Earthquakes! Prison riots! Economic pressures! Divorce! No jobs! Drugs! Disease! Death! Pretty serious scene, isn't it? Yet that is the emotional environment in which we live. No wonder someone has dubbed this the "aspirin age."
Earthquakes! Prison riots! Economic pressures! Divorce! No jobs! Drugs! Disease! Death! Pretty serious scene, isn't it? Yet that is the emotional environment in which we live. No wonder someone has dubbed this the "aspirin age." Small wonder more of us are not throwing in the towel.
In spite of these bleak surroundings—or perhaps because of—I firmly believe we need a good dose of Solomon's counsel. Listen to David's wisest son: "A joyful heart makes a cheerful face, but when the heart is sad, the spirit is broken . . . . All the days of the afflicted are bad, but a cheerful heart has a continual feast . . . . A joyful heart is good medicine [the Hebrew says, 'causes good healing'], but a broken spirit dries up the bones" (Prov. 15:13, 15; 17:22).
Have you begun to shrivel into a bitter, impatient, critical Christian? The Lord tells us that the solution is simple: "A joyful heart" is what we need . . . and if ever we needed it, it is now.
By a sense of humor I mean that necessary ingredient of wit: those humorous, enjoyable, and delightful expressions or thoughts that lift our spirits and lighten our day. When we lose our ability to laugh—I mean really laugh—life's oppressive assaults confine us to the dark dungeon of defeat.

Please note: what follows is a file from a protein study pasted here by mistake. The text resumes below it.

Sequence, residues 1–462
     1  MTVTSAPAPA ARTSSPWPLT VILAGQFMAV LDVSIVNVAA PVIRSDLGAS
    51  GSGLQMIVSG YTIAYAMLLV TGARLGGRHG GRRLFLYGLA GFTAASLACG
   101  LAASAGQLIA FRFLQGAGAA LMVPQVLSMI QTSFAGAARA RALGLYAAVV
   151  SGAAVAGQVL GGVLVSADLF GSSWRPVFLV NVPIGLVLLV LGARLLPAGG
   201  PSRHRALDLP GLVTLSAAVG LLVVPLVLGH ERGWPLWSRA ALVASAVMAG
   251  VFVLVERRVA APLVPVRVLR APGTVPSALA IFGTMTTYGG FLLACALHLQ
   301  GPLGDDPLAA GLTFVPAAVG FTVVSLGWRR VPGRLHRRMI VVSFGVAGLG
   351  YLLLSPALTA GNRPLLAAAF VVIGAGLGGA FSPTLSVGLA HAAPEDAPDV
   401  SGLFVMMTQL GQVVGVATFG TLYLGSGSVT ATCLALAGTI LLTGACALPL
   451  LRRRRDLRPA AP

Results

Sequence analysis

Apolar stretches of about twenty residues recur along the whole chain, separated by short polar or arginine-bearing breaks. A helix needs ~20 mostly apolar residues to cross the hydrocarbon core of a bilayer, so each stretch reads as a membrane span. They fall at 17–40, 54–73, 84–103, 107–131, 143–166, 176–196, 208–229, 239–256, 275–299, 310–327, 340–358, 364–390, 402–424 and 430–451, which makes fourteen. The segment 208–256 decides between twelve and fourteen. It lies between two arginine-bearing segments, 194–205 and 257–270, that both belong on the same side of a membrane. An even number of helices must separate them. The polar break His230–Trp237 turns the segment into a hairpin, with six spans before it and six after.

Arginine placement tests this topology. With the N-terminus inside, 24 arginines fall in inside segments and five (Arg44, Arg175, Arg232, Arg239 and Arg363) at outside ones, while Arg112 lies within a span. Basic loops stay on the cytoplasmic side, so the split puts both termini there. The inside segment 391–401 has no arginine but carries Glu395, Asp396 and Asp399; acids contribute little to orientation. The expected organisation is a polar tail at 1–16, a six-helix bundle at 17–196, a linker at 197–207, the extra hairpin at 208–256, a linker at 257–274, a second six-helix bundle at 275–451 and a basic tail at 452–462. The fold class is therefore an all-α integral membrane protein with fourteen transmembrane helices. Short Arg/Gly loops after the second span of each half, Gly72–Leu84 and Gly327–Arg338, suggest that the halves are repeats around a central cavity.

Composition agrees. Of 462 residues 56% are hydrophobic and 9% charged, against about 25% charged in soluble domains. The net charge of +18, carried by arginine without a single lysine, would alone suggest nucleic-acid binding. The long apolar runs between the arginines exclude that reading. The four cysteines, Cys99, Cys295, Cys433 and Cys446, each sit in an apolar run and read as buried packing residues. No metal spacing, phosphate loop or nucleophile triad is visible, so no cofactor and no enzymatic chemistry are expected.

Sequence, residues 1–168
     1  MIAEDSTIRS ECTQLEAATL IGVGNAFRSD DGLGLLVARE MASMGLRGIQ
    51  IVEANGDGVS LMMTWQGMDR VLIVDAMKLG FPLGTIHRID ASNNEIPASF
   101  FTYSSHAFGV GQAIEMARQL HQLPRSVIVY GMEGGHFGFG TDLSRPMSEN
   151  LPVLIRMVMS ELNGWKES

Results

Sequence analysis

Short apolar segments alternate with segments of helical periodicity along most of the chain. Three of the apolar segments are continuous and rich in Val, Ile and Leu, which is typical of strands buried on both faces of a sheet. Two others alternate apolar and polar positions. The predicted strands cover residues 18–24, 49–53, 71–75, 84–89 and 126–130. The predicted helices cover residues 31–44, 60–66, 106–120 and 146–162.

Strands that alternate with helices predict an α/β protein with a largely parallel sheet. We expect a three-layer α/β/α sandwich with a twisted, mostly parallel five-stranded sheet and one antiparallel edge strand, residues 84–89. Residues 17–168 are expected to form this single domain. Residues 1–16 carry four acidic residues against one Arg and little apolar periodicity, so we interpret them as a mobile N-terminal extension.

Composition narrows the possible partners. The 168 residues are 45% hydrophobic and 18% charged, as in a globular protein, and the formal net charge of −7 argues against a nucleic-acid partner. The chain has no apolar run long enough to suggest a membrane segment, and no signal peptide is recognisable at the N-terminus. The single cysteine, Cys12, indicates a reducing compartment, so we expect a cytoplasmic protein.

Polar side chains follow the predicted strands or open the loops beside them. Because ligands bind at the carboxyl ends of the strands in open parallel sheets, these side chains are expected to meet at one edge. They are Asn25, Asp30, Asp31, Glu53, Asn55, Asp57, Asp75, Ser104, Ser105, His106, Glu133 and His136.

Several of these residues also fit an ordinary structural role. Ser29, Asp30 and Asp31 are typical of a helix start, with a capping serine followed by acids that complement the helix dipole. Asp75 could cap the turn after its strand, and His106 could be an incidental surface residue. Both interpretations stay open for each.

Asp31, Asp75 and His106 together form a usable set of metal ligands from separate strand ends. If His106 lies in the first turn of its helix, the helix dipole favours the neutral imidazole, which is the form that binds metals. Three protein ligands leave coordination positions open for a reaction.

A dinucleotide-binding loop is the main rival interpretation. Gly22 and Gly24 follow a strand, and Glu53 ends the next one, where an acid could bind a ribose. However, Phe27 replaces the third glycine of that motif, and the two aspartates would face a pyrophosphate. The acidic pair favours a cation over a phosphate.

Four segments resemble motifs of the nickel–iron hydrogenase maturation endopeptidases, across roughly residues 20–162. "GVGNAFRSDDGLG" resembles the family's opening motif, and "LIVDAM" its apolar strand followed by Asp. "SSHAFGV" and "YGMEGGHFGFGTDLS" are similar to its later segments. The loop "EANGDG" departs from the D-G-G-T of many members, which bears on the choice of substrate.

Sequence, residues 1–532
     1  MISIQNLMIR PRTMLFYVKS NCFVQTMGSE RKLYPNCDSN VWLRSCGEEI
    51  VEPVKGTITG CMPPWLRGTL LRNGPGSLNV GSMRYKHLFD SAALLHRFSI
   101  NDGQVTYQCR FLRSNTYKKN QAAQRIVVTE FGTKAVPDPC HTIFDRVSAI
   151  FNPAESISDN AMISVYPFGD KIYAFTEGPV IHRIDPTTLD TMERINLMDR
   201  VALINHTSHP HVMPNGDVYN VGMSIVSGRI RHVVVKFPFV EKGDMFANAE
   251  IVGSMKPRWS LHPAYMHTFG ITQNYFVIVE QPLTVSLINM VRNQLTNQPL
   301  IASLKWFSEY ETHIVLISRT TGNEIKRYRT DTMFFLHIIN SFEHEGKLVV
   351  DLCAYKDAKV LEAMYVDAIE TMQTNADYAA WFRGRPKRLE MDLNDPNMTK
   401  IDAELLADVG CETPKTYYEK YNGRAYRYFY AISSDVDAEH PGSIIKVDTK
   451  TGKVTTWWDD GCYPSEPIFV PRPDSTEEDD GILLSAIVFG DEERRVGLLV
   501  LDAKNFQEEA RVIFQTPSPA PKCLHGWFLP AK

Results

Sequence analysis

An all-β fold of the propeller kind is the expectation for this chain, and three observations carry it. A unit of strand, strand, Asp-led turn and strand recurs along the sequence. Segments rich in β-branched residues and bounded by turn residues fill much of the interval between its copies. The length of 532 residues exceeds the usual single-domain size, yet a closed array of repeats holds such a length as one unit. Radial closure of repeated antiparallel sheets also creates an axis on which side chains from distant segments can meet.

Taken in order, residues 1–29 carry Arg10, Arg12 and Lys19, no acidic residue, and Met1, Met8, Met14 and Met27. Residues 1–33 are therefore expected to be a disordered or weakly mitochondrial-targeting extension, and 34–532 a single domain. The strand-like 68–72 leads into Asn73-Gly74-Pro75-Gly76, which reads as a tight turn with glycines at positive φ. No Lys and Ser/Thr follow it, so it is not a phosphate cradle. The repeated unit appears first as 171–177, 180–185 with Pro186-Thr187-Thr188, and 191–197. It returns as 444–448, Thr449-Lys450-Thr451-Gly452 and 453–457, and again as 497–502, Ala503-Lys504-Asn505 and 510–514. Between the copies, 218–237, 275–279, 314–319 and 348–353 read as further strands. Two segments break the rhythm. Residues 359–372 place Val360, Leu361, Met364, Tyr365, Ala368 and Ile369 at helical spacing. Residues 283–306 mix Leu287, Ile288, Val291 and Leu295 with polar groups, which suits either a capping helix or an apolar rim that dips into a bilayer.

Personally, I think a healthy sense of humor is determined by at least four abilities:
The ability to laugh at our own mistakes.
The ability to accept justified criticism—and get over it!
The ability to interject (or at least enjoy) wholesome humor when surrounded by a tense, heated situation.
The ability to control those statements that would be unfit—even though they may be funny.
James M. Gray and William Houghton were two great, godly men of the Word. Dr. Houghton writes of an occasion when he and Dr. Gray were praying together. Dr. Gray, though getting up in years, was still interested in being an effective witness and expositor. He concluded his prayer by saying: "And, Lord, keep me cheerful. Keep me from becoming a cranky, old man!"
Let's ask our understanding Father to remind us frequently of the necessity of a cheerful spirit and to give us an appreciation for laughter.